- Trump seems to have walked away from summit with all the goodies (pact on Syria)
- Putin got little in return for enduring intense questioning on meddling in US election
- Trump backed off from forming a working group with Russia on cybersecurity
- Only true breakthrough was deal to create de-escalation zones in Syria
- US and Russian positions on Ukraine seem to have toughened
- US appoints Russia hawk Volker as US special envoy to Ukraine
Matryoshka dolls. Putin had presumably hoped for a meeting of equals. Photo: Shutterstock
By Nadia Kazakova
The aftermath of the first meeting between the US and Russian presidents on the sidelines of the G20 summit in Germany on July 7 proved even more interesting that the meeting itself.
The American president Donald Trump seems to have walked away from the first Russia-US summit with all the goodies (a pact on Syria), while Russia's Vladimir Putin had to endure two hours of intense questioning (on Russia's meddling in the US election) and sizing up with little to show in return for his pains.
And, to add insult to injury, there have been also some – mildly – humiliating climb-downs and put-downs for the Russian side after the meeting as well.
Trump himself backed off from forming a working group with Russia on cybersecurity, which Putin said, in a post-summit news conference, had been agreed.
Putin said he thought his replies to detailed questions on Russia's interference in the US elections had at least been taken into consideration if not agreed to. The White House chief of staff Reince Priebus was adamant in a Fox News interview
that Trump "...absolutely did not believe the denial of the Russian President" about non-interference into the US elections.
In other words, Trump seems to have called Putin a liar.
The only true breakthrough was on Syria, where Russia has signed off on partitioning the country through creation of de-escalation zones. The Kremlin administration must have enjoyed the feeling of sitting at a table with other big boys, deciding on the fate of the subject country. There is not much else they get in return.
Putin must feel he is an equal partner in this geopolitical game of poker. It might soon prove to be an illusion as Russia's participation in Syria outlives its usefulness to other players and when the fate of the Assad government is sealed.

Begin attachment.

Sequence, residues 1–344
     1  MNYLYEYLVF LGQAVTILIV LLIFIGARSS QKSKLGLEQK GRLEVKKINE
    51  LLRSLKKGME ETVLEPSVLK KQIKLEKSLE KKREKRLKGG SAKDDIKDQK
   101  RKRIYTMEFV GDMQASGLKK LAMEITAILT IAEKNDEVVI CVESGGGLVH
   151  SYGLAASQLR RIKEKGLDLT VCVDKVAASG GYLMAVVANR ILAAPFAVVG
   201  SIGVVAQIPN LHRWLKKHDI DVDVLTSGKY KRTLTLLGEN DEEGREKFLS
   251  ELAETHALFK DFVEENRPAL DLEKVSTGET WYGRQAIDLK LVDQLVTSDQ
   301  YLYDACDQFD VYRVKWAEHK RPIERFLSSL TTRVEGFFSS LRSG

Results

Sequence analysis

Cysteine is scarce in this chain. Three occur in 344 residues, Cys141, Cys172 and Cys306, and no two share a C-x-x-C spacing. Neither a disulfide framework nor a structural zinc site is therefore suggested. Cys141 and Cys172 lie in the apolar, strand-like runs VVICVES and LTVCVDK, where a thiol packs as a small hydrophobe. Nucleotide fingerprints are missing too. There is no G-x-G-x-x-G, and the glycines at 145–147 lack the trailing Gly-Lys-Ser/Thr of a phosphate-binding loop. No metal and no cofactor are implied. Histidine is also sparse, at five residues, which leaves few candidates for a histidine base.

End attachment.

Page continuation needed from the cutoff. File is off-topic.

In President Trump's own words: "... I think in a case like Syria where we can get together, do a ceasefire, and there are many other cases where getting together can be a very positive thing, but always Putin is going to want Russia and Trump is going to want the United States and that's the way it is."
"So, that [Syrian ceasefire] was a great thing that came out of that meeting. I think a lot of things came out of that meeting but I do believe it's important to have a dialogue and if you don't have a dialogue, it's a lot of problems for our country and for their country..."
There was a discussion about Ukraine during the summit, but neither side has been as eager for a break-through as in Syria. If nothing else, the American and Russian positions on Ukraine seem to have toughened.
The US State Department has appointed Kurt Volker as US special envoy to Ukraine
. Volker is known for calling for military confrontation with Russia in the aftermath of the Russian incursion in east Ukraine in August 2014.
Volker was appointed to the position just before the Trump-Putin meeting in Hamburg, and he went straight to Kiev with US secretary of state Rex Tillerson on July 9.
Volker's new role might placate some of Trump critics who see him as soft on Russia. It could possibly win the US administration a more acceptable version of the new sanctions bill, keeping Trump's hands untied. On the other hand, Volker is highly unlikely to bring the resolution of the Ukrainian conflict any closer, given his uncompromising pro-Ukrainian stance.
Putin replied in his own way to the US move on Ukraine. During his final G20 news conference
, he was just a step away from calling for a regime change in Kiev. He insisted that Russian and Ukrainian interests are fully allied, and it is only "today's" Ukrainian government which has different interests and is "trading in Russophobia". "This situation should end as soon as possible," he said.
For all the disappointment, Putin might, in the end, get a little something in return for his efforts in Hamburg.
The Russians are eager to recover diplomatic property seized by the Obama administration in December 2016. The Trump team might also put a bit of effort into watering down the new anti-Russian sanctions bill in the US Congress. In the end, though, it might not amount to more than token gestures.
Fundamentally the US president is ready to move on with Russia, though not on terms of a new era of cooperation, as the Putin administration would have hoped. Such partnership would be relegated to somewhere in the middle of a talk-to list on a need-to basis.
As Trump put it: "We need dialogue with everybody."
G20 family photo. Source: www.whitehouse.gov/
— Edited by John Acher